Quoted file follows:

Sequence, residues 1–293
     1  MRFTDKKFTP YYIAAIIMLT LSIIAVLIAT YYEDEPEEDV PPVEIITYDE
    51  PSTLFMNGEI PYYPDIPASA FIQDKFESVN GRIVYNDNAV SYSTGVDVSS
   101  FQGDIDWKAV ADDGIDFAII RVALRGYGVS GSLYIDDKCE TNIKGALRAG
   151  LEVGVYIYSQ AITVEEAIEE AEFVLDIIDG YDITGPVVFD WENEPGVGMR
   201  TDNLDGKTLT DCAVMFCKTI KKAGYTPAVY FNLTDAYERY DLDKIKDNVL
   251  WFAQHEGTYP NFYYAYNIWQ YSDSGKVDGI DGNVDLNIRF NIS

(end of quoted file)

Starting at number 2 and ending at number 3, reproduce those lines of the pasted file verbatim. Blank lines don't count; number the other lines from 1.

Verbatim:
     1  MRFTDKKFTP YYIAAIIMLT LSIIAVLIAT YYEDEPEEDV PPVEIITYDE
    51  PSTLFMNGEI PYYPDIPASA FIQDKFESVN GRIVYNDNAV SYSTGVDVSS